Did You See the Lights in the Sky Over Montana?
"Like a string of bright pearls." That's how the UK Independent described the SpaceX Starlink satellite chain that I caught a glimpse of over Big Sky country on Saturday night. And that's exactly what it looked like. It was crazy to finally see it in person.
I broke out the isolation vehicle (my new camper from Bretz RV) over the weekend, and enjoyed some time on the banks of the Yellowstone River south of Livingston.
On Saturday night we had the perfect night for a campfire next to the river. The sky was incredibly clear, the stars were bright, and there was a sliver of a moon hovering over the outline of the mountains. I had literally just joked with the kids that it was like that part in Star Wars when the Ewoks are throwing their party with the bonfires because the moon and the stars were so bright.
Within minutes, I spotted a string of lights in the sky. "Holy cow, are you guys seeing what I'm seeing?" They were all moving in an arc together, and what looked like the same speed, although they weren't all evenly spaced in between each other. It almost looked like binary code in lights.
How would you describe the movement? I have not verified the below video, but I share it to say that this is what the lights I saw over Montana looked like to me, at least when it comes to the movement pattern (the view was way better than a video could capture with the outline of the mountains, the moon, and the stars):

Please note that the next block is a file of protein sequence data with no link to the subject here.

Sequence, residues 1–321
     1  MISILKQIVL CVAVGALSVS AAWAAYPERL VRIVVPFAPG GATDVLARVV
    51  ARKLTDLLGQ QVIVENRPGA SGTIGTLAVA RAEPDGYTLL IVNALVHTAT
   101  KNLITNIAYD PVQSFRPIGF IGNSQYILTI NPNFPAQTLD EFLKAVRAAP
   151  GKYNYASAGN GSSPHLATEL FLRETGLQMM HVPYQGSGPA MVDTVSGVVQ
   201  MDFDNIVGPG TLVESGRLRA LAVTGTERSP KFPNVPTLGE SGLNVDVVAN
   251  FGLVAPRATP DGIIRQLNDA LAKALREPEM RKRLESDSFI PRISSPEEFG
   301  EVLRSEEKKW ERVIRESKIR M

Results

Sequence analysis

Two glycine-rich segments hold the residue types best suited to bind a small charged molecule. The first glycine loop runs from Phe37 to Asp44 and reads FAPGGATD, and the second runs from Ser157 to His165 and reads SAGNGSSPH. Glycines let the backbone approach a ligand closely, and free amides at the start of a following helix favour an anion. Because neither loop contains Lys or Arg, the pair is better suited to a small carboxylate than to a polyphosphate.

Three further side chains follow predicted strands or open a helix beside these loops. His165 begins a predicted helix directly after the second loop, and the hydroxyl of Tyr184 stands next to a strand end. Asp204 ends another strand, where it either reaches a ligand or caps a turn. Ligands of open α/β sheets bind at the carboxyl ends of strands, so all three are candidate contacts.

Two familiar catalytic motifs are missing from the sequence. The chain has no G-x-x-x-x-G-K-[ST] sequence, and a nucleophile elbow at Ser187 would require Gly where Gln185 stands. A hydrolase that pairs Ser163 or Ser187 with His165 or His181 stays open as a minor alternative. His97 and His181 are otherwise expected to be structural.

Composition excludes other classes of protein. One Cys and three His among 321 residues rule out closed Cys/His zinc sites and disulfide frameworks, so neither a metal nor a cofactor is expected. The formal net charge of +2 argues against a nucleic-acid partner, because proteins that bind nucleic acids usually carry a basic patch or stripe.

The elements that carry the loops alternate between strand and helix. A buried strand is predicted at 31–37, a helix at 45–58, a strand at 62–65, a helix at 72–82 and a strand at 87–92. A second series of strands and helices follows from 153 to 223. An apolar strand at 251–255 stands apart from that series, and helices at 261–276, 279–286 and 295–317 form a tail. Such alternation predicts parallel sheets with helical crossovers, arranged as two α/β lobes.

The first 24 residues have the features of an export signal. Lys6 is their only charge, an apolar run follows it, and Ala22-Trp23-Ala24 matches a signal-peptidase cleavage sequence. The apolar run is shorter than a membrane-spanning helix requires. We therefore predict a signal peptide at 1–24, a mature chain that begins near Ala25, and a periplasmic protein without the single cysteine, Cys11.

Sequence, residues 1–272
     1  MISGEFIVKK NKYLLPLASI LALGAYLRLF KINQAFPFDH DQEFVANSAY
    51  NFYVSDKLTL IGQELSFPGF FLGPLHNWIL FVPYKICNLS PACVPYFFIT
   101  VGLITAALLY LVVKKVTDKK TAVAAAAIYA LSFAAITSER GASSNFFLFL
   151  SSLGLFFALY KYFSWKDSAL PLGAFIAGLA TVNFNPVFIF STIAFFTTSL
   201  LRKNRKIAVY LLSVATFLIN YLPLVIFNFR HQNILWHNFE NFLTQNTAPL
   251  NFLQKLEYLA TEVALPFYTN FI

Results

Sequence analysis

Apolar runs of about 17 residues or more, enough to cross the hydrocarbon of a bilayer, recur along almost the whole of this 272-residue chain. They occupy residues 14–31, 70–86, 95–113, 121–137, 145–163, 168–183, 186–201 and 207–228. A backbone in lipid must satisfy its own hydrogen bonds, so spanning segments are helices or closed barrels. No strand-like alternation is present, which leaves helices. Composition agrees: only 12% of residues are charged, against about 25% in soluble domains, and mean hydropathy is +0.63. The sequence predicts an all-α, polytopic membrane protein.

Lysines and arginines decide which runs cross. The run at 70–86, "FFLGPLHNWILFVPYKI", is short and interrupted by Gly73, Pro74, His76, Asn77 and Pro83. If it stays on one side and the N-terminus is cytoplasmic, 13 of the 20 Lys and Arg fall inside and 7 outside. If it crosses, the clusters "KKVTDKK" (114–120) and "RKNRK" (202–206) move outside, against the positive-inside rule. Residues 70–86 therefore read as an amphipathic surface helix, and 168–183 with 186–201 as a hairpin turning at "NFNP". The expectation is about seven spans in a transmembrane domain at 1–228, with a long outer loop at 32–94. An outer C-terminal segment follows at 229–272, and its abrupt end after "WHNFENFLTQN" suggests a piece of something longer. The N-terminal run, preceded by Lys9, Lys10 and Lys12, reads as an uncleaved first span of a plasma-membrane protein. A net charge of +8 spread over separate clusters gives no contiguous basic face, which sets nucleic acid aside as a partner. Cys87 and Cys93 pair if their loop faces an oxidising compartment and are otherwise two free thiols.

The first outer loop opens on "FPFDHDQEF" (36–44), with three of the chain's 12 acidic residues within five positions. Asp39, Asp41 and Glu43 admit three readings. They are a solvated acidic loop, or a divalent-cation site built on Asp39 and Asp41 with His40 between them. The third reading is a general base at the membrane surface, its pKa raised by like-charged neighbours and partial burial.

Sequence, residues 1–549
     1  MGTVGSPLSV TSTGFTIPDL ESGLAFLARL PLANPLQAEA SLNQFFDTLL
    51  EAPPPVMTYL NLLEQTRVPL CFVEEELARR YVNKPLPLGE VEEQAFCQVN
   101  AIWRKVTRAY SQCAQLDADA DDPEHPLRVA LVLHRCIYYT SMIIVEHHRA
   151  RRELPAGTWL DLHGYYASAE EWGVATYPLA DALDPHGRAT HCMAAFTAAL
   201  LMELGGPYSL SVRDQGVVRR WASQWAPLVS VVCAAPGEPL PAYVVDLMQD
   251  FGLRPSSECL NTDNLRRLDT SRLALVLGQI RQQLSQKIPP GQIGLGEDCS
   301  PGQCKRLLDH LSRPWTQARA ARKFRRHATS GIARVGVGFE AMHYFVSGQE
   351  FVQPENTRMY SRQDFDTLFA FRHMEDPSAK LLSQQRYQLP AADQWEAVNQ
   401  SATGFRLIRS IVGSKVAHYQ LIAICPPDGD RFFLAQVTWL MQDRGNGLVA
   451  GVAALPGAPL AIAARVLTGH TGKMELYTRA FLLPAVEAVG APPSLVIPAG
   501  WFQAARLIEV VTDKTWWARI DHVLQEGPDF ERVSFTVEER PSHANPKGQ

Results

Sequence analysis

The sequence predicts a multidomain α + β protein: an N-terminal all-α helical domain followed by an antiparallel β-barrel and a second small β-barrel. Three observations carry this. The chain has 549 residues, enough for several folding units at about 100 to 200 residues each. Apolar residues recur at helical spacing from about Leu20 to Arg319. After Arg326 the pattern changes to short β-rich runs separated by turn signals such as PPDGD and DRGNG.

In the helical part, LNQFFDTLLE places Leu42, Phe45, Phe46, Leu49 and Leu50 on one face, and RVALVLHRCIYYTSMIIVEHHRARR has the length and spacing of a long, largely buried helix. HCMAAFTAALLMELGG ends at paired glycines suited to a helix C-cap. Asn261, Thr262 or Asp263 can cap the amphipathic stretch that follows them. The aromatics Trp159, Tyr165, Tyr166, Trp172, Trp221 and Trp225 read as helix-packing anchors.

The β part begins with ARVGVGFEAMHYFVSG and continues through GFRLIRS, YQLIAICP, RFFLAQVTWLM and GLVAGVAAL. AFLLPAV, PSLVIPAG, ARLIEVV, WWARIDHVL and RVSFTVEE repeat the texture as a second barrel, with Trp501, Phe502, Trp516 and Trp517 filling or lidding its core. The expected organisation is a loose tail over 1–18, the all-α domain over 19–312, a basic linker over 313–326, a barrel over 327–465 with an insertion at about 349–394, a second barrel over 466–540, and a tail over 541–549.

Starlink Mission latest launch video via SpaceX:
By the way, our friend Michael Foth gave us the heads up back in early April that we might start seeing these lights. Check out his previous story below.
If you're unfamiliar with Elon Musks ambitious Starlink project, here are the basic highlights:
- Space X has been given approval to launch up to 42,000 internet satellites into space.
- The first launch of 60 satellites was on May 24th, 2019.
- There has now been a total of six launches (of 60 satellites each) since, the latest was on March 18th this year.
- The goal of the Starlink program is to provide internet access anywhere on the globe at a fairly reasonable price for customers. This could be good for a lot of rural Montana residents with limited options to access the internet (and potentially millions of global customers with no access).